The San Francisco Giants, fresh from the long winter of Barry Bonds' discontent and enjoying an invigorating spring of freedom and equality, are fertile ground for a chemistry experiment.
Much has been made of new center fielder Aaron Rowand's weekly team-building bowling outings and Barry Zito's move into Bonds' old suite of four lockers in the spring training clubhouse, parceling it up with Matt Cain.
The players and manager Bruce Bochy are talking about how they're a team now, with no more of the old double standard, about how they'll have fun together off the field and scratch and claw together on it, manufacturing runs and swaggering with warrior spirit, as noted on the matchy-matchy T-shirts they've been wearing.
"One can debate the value of team chemistry from now until the Tampa Bay Rays' first World Series victory parade," wrote the San Francisco Chronicle's Henry Schulman, who endured years of Bonds' scorn on the Giants beat. "There is no question that talent and execution are more important, and the Giants have much room to improve on both counts after a 71-91 season.
"Even so, a reporter who visited the home clubhouse at Fenway Park when the Giants played in Boston in June was struck by the jocularity and fellowship inside a room populated by youngsters and superstars who together won a World Series four months later. It was a stark contrast to the way the Giants tiptoed through Bonds' clubhouse."
Another stark contrast, though clearly one not lost on Schulman: the talent on the field that had led the Red Sox to 96 wins and the Giants to 71. If the Giants had had Manny Ramirez and Mike Lowell and Dustin Pedroia tiptoeing around Bonds' suite of lockers rather than Dave Roberts, Pedro Feliz and Ray Durham, that would have goosed the number in the win total a lot more than weekly bowling night.
At least I think so. Not everybody does, and thus, the experiment.
Bonds, under federal indictment for perjury, remains unsigned, and Phil Taylor writes in the current Sports Illustrated, "Any team that does develop a serious interest in Bonds would be wise to consider all the good vibrations coming out of the Giants' camp now that he's gone. It's hard to imagine that Bonds' presence could do more for a new club than his absence has done for his old one."
Baseball Prospectus says that last year, Bonds was worth about seven wins over a replacement-level player -- a borderline major leaguer, that is. The Hardball Times assigned him 21 win shares, meaning he was responsible for about seven team wins, total, not above anyone else. Either way, a pretty good contribution but not, thanks to limited playing time, a superstar one.
So let's see how the happy, harmonious Giants do without him. Will they warrior-spirit up and manufacture their way to 80 wins? That would be an eyebrow-raiser. They look from here like they'll struggle to get that magical 63rd win, the one that staves off the 100th loss.
We may never know how some other team will have its on-field fortunes affected by the injection of Bonds' bad juju into its clubhouse, but if that happens we'll keep a close eye on that too.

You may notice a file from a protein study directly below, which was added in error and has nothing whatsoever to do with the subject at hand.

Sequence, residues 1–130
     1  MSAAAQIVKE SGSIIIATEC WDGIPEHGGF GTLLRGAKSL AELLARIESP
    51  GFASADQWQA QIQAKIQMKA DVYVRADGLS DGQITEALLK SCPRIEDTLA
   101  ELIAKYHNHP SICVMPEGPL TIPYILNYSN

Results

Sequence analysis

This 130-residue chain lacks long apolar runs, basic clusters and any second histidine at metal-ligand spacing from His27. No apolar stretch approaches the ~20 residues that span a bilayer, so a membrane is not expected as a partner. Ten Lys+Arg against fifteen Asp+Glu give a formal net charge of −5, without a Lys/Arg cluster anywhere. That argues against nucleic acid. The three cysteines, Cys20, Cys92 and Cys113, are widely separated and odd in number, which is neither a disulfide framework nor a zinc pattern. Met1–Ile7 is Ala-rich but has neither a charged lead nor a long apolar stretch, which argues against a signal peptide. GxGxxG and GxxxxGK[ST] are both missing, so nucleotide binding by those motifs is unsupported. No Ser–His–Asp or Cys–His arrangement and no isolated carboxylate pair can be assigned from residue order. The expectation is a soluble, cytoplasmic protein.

The petri dishes are ready. This column eagerly awaits the results and frankly hopes they turn out in chemistry's favor. I'd love to be able to use that right here in the Salon offices, where quite frankly I've grown tired of tiptoeing around Cary Tennis' suite of four cubicles.
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One thing ESPN does beautifully: TV ads [PERMALINK]
ESPN takes a lot of guff from this and other corners, but one thing the four-letter has consistently done well over the years is TV advertising. The "This Is SportsCenter" campaign is reaching "Simpsons"-like levels for quality and longevity. The latest, featuring Teddy the Roller-Skating Cockatoo, takes a swing at user-generated content.
But it's rare that even that line of ads makes me laugh out loud, which the network's spot for its fantasy baseball product made me do the first time I saw it. The spot is a pitch-perfect parody of soap operas, complete with a hospital patient struggling to spit out "Don't trade Prince Fielder!" before flatlining.
It turns out there's a local angle, to the extent there can be such a thing as local in cyberspace. Mark St. Amant, who wrote about fantasy bass fishing for Salon last week, is the creative director-copywriter for the account, meaning he co-wrote the ads. St. Amant works for the Arnold Worldwide ad agency in Boston.
The ads have such a realistic soap look because they were shot on the sets of "One Life to Live" and feature actors from that show and "General Hospital"; they were directed by Frank Valentini, a top ABC soap executive producer and director. ESPN fantasy experts and ballplayers also appear, plus Jorge Posada's wife, Laura, who slaps the guy on the dance floor in the one spot that's aired so far.
St. Amant reports that "Torii Hunter was a great actor and really dug into his role, studying the script on his plane ride in and bringing a ton to the part." That's Hunter in the first ad, playing a police interrogator yelling, "You calling me stupid?" Chase Utley, Hanley Ramirez and Posada also appear.
The first ad actually consists of highlights of longer-format "webisodes" that appear on ESPN's Web site. Funny stuff, but -- no way to come this far without criticizing the worldwide leader -- ESPN.com needs a better video player.
Previous column: A-Rod and the home run record
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